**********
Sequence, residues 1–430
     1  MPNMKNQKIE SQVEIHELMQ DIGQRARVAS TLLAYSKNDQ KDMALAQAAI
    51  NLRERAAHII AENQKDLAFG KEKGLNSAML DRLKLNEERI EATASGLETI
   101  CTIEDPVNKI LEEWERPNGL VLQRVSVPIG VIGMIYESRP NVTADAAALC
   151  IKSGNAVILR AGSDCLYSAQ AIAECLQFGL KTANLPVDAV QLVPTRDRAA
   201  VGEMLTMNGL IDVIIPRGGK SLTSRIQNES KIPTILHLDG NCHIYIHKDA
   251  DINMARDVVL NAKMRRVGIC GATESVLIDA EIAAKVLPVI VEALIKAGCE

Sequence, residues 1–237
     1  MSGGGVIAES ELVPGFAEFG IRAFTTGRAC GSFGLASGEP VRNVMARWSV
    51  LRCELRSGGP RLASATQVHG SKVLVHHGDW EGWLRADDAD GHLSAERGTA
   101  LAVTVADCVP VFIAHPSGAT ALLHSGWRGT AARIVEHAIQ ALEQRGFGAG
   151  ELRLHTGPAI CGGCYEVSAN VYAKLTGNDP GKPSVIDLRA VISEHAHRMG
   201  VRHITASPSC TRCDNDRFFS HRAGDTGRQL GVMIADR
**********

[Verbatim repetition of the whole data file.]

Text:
Sequence, residues 1–430
     1  MPNMKNQKIE SQVEIHELMQ DIGQRARVAS TLLAYSKNDQ KDMALAQAAI
    51  NLRERAAHII AENQKDLAFG KEKGLNSAML DRLKLNEERI EATASGLETI
   101  CTIEDPVNKI LEEWERPNGL VLQRVSVPIG VIGMIYESRP NVTADAAALC
   151  IKSGNAVILR AGSDCLYSAQ AIAECLQFGL KTANLPVDAV QLVPTRDRAA
   201  VGEMLTMNGL IDVIIPRGGK SLTSRIQNES KIPTILHLDG NCHIYIHKDA
   251  DINMARDVVL NAKMRRVGIC GATESVLIDA EIAAKVLPVI VEALIKAGCE

Sequence, residues 1–237
     1  MSGGGVIAES ELVPGFAEFG IRAFTTGRAC GSFGLASGEP VRNVMARWSV
    51  LRCELRSGGP RLASATQVHG SKVLVHHGDW EGWLRADDAD GHLSAERGTA
   101  LAVTVADCVP VFIAHPSGAT ALLHSGWRGT AARIVEHAIQ ALEQRGFGAG
   151  ELRLHTGPAI CGGCYEVSAN VYAKLTGNDP GKPSVIDLRA VISEHAHRMG
   201  VRHITASPSC TRCDNDRFFS HRAGDTGRQL GVMIADR